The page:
Tackling discrimination against people with disabilities in developing countries will be a core part of the UK’s fight against extreme poverty, International Development Minister Baroness Northover announced today.
The Department for International Development’s (DFID) first Disability Framework, published today, formally sets out how the UK will ensure that programmes and policies are inclusive of, and accessible to, people with disabilities. It outlines the actions DFID will take over the next 12 months to strengthen support for people with disabilities. Key focuses of the framework are:
- Building the capability of staff to understand the issues so they can drive change;
- Strengthening disability inclusion across DFID’s programme work, including humanitarian relief, water and sanitation facilities and preventing violence against women and girls with disabilities;
- Improving the engagement and participation of people with disabilities in policy and programming, so that they are included in making decisions that affect their lives;
- Influencing the organisations DFID funds to include people with disabilities more effectively in their work; and
- Enhancing organisational capacity in terms of staffing numbers and senior leadership.
Baroness Northover said:
One in seven people across the globe has a disability. They are some of the poorest and most neglected in the world. Much more needs to be done by the international development community to give people with a disability equal access to education, employment, healthcare, social support and the justice system.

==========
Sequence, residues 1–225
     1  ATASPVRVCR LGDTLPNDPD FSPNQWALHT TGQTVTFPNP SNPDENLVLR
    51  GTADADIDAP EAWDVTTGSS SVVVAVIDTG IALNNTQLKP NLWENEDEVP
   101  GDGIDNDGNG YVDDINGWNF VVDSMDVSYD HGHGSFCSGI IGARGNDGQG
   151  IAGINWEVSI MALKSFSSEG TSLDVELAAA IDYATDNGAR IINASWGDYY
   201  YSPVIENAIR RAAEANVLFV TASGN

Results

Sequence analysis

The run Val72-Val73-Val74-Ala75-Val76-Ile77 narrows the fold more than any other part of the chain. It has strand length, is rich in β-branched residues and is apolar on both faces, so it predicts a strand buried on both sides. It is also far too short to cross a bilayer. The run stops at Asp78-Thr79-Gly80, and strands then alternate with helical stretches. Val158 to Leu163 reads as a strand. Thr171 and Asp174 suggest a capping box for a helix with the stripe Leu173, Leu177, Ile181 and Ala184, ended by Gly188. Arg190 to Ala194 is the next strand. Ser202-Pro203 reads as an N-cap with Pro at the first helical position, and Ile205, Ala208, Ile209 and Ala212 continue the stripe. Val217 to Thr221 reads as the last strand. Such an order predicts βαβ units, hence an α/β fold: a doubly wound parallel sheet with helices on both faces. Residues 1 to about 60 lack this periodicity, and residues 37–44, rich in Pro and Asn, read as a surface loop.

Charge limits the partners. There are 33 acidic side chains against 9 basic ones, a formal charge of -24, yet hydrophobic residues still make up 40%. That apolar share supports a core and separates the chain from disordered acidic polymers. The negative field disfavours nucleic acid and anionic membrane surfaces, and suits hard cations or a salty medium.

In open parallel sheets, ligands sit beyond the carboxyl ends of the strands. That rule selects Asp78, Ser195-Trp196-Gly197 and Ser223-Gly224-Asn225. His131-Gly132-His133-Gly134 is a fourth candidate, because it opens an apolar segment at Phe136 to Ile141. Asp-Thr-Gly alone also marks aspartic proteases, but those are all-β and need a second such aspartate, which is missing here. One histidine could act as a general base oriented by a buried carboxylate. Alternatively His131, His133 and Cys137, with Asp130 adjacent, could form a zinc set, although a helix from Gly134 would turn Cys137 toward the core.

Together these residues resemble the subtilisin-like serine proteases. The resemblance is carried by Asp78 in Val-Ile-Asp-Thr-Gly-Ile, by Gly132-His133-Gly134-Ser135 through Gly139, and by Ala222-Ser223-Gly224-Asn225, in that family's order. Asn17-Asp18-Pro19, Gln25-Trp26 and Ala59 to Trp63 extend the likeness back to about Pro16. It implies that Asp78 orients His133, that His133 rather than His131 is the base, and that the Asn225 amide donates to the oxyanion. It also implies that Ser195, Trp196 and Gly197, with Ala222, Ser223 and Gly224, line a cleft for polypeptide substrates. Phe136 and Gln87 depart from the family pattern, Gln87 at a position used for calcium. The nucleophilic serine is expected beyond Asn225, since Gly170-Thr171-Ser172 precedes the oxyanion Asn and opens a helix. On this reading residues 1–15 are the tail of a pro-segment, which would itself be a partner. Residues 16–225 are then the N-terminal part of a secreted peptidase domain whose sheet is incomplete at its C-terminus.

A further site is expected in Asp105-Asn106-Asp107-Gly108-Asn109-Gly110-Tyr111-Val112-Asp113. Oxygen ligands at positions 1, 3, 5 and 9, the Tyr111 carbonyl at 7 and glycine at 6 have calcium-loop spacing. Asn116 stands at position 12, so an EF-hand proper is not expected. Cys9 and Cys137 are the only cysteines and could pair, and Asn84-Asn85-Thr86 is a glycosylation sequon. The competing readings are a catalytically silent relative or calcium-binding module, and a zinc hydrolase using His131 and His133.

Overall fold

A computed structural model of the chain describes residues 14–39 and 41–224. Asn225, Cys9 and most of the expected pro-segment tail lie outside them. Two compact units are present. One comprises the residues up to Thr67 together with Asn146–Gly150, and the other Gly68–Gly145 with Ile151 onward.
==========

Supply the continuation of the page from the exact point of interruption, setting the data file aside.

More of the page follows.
Our Disability Framework is an important milestone in the UK’s commitment to international disability programming and our work to drive disability up the development agenda. Only by reaching people with disabilities will we be able to leave no one behind and end extreme poverty. That is what this framework sets out to do.
Lucy Drescher, Ray Lang and Tim Wainwright, co-chairs BOND Disability and Development Group (DDG), said:
We welcome this framework. It sets out how DFID will be including the 800 million persons with disabilities living in developing countries and ensuring that they benefit from UK Aid. This includes areas like education, water, sanitation and response to humanitarian crises. Persons with disabilities will be involved throughout, and DFID will build their own staff’s knowledge and improve the evidence base with better research and disaggregated data. We applaud the commitment to annual reviews to check on progress.
We will do all we can to support DFID in implementing this ambitious agenda which will take the quality of UK Aid to a new level by ensuring it reaches some of the poorest of the poor. We call on all those who work in the international development sector to follow DFID’s lead in ensuring that persons with disabilities are properly included and benefit from all aid programmes.
The Disability Framework will be reviewed and published annually in consultation with disability stakeholders.